Would JS Mill have supported euthanasia?
The voluntary euthanasia debate often remains at the level of emotion and rhetoric. In a recent article in Philosophy Now, Simon Clarke of the American University of Armenia attempted to provide a philosophical defence of euthanasia, drawing upon the classical-liberal philosophy of John Stuart Mill.
Clarke considers Mill’s conception of human flourishing. For Mill, human beings fulfil themselves when allowed to freely develop their own individual identity.
“An objectively good life, on Mill’s (Aristotelian) view, is one where a person has reached her potential, realizing the powers and abilities she possesses…By this he meant the development of a person’s unique powers, abilities, and talents, to their fullest potential.”
It was on the basis of this anthropology that Mill posited his famous ‘liberty principle’, namely that “The only purpose for which power can be rightfully exercised over any member of a civilised community, against his will, is to prevent harm to others” (John Stuart Mill, On Liberty, 1859, ch.1).
Clarke proceeds to consider how Mill’s conception of liberty might apply to the spirited debate over voluntary euthanasia. According to Clarke, euthanasia is, at least potentially, an opportunity for self-actualisation and an expression of individuality.
“…a person may have reached a point in her life when no higher self-realisation is possible. In fact rather than merely fail to add to her achievement of individuality, continuing to live an increasingly incapacitated life may even detract from it. Having already reached her fullest potential, a much-diminished continued existence may significantly undermine it. To prevent this happening, a person must have the freedom to choose the timing and manner of her death…”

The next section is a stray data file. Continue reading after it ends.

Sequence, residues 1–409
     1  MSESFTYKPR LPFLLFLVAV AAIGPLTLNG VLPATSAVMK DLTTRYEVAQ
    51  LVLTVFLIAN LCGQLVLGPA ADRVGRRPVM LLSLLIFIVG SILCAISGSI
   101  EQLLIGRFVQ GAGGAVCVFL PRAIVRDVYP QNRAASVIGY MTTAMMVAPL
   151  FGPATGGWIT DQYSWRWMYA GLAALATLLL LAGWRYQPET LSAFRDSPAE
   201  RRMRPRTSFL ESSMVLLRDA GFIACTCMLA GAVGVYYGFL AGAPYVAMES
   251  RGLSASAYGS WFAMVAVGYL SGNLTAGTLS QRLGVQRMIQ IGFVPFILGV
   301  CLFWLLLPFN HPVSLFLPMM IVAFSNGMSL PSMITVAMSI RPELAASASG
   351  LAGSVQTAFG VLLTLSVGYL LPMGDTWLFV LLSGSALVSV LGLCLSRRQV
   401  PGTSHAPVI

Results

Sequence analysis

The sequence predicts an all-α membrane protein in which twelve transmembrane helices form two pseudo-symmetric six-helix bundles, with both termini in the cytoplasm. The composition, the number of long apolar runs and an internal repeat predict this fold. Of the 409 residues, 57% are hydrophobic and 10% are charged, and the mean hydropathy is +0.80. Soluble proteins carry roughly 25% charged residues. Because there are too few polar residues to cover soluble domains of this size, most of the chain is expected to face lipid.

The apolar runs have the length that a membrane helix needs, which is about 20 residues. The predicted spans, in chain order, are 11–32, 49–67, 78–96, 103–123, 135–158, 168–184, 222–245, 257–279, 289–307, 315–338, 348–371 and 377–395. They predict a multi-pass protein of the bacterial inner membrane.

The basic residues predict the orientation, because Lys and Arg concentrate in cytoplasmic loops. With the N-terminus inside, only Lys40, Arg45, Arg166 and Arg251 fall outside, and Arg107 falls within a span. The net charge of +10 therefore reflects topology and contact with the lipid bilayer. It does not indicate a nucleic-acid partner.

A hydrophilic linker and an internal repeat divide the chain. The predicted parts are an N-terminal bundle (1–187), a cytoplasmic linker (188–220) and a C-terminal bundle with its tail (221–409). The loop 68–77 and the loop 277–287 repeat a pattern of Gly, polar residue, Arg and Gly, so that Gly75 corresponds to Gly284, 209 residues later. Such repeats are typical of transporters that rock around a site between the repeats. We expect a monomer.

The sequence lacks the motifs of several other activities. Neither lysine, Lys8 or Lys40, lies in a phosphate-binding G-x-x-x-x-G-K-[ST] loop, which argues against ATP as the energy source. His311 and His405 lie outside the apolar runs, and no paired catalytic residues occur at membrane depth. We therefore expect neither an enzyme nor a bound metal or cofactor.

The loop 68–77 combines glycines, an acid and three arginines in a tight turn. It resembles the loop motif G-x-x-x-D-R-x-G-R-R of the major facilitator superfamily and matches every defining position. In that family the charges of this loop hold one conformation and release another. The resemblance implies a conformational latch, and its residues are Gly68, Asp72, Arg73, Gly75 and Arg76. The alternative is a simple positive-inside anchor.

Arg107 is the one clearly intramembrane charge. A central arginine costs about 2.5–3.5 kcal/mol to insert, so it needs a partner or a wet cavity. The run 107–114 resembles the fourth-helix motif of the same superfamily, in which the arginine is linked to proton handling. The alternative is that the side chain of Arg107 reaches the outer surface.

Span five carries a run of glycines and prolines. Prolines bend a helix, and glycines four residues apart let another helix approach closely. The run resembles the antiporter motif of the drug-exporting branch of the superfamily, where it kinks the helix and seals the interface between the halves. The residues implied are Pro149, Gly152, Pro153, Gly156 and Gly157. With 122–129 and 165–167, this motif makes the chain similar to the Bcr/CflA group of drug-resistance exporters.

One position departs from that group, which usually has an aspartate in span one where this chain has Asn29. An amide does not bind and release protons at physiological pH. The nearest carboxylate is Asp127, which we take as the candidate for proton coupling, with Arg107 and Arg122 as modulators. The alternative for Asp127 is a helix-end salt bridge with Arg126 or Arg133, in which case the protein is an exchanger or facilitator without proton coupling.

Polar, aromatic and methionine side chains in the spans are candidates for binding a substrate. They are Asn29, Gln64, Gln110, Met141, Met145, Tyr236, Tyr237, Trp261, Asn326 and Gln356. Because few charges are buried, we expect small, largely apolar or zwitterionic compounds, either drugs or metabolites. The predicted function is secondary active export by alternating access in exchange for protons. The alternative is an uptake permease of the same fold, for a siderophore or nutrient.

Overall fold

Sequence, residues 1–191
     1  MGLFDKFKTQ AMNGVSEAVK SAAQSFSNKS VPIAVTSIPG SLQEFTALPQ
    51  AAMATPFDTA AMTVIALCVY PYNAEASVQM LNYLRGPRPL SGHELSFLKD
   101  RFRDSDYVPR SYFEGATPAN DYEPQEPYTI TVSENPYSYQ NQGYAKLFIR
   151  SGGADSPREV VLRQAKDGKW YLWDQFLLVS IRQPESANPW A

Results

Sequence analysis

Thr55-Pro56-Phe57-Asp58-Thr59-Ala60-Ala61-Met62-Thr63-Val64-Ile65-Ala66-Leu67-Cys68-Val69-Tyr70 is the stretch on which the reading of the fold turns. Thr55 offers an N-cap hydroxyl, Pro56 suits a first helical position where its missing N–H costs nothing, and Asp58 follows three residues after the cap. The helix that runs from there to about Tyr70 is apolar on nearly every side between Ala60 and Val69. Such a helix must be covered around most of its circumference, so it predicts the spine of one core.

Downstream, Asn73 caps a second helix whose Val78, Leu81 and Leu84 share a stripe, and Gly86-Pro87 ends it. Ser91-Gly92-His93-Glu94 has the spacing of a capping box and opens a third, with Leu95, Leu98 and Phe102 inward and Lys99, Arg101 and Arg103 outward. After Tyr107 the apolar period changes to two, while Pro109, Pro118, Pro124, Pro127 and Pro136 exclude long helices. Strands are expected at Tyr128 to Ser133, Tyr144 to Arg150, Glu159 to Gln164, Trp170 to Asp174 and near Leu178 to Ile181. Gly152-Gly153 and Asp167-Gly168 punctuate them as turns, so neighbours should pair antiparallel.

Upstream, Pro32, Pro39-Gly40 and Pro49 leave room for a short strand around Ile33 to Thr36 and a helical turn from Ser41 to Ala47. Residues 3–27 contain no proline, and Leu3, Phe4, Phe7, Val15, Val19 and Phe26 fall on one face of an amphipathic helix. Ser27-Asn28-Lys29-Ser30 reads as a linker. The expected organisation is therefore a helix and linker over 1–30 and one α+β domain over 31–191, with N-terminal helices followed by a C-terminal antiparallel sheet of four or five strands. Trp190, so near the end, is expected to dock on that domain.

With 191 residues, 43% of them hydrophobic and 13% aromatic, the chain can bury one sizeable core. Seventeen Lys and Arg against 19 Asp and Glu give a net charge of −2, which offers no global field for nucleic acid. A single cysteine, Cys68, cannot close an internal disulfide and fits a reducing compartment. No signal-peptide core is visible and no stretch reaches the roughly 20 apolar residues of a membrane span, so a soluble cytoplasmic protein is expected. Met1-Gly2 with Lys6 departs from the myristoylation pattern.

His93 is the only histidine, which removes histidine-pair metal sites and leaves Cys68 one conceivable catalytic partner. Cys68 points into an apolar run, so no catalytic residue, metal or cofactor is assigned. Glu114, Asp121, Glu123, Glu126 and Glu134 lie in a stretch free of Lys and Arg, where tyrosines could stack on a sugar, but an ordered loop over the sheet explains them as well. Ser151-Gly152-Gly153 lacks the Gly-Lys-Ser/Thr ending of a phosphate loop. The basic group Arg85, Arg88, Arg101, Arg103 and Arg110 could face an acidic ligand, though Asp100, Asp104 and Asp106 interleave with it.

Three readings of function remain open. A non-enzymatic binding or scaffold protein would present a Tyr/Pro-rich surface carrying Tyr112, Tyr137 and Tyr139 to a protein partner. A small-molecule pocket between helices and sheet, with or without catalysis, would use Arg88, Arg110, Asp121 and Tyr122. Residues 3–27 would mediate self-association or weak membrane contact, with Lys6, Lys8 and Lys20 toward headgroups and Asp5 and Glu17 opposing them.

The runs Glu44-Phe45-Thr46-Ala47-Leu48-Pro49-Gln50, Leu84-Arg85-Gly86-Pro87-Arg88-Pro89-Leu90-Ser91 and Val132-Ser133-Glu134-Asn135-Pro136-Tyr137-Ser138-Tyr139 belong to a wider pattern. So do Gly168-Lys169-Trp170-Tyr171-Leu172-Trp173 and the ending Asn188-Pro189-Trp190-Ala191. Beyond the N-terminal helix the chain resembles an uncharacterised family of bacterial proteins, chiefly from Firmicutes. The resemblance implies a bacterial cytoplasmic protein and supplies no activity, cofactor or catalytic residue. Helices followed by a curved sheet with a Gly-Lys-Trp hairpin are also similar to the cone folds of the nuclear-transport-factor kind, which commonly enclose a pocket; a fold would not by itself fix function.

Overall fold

In other words, euthanasia is the final hurrah of the individualist. And it is precisely the individual concerned who is in the best position to tell whether euthanasia is appropriate: “At the end of a life during which a person has developed his talents and capacities, it is that person who is in the best position of being able to judge whether further self-development is possible or if his individuality has reached its fullest potential.”
Clarke’s essay is an interesting presentation of the issue from a Millian perspective, But some might disagree with his interpretation of Mill. Mill famously stated that to sell oneself into slavery was impermissible, and warranted intervention.
“…by selling himself for a slave, he abdicates his liberty; he foregoes any future use of it beyond that single act. He therefore defeats, in his own case, the very purpose which is the justification of allowing him to dispose of himself…”
It does not seem at all a stretch to think this principle applicable in the case of suicide. Is there really such a time as one is fully actualised, and can no longer grow in their individuality?
Mill, liberty and euthanasia
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